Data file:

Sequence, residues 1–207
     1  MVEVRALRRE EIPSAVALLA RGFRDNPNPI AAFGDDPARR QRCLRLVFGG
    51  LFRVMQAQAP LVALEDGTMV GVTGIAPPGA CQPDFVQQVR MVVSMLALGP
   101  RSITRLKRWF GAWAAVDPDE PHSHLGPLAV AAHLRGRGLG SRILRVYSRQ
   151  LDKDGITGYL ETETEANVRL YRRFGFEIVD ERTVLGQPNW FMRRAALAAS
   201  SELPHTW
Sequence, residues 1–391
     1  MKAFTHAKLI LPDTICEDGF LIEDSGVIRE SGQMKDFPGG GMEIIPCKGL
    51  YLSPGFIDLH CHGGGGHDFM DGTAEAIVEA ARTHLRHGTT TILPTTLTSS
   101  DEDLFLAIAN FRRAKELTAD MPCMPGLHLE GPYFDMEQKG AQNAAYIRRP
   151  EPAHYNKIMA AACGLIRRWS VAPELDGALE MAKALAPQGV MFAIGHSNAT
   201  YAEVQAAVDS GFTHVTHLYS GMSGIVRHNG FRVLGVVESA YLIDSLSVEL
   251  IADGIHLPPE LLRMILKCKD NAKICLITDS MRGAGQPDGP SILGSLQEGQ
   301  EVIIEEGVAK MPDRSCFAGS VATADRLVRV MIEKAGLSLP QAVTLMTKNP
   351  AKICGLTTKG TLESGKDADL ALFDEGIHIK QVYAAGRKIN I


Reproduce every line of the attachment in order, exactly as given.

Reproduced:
Sequence, residues 1–207
     1  MVEVRALRRE EIPSAVALLA RGFRDNPNPI AAFGDDPARR QRCLRLVFGG
    51  LFRVMQAQAP LVALEDGTMV GVTGIAPPGA CQPDFVQQVR MVVSMLALGP
   101  RSITRLKRWF GAWAAVDPDE PHSHLGPLAV AAHLRGRGLG SRILRVYSRQ
   151  LDKDGITGYL ETETEANVRL YRRFGFEIVD ERTVLGQPNW FMRRAALAAS
   201  SELPHTW
Sequence, residues 1–391
     1  MKAFTHAKLI LPDTICEDGF LIEDSGVIRE SGQMKDFPGG GMEIIPCKGL
    51  YLSPGFIDLH CHGGGGHDFM DGTAEAIVEA ARTHLRHGTT TILPTTLTSS
   101  DEDLFLAIAN FRRAKELTAD MPCMPGLHLE GPYFDMEQKG AQNAAYIRRP
   151  EPAHYNKIMA AACGLIRRWS VAPELDGALE MAKALAPQGV MFAIGHSNAT
   201  YAEVQAAVDS GFTHVTHLYS GMSGIVRHNG FRVLGVVESA YLIDSLSVEL
   251  IADGIHLPPE LLRMILKCKD NAKICLITDS MRGAGQPDGP SILGSLQEGQ
   301  EVIIEEGVAK MPDRSCFAGS VATADRLVRV MIEKAGLSLP QAVTLMTKNP
   351  AKICGLTTKG TLESGKDADL ALFDEGIHIK QVYAAGRKIN I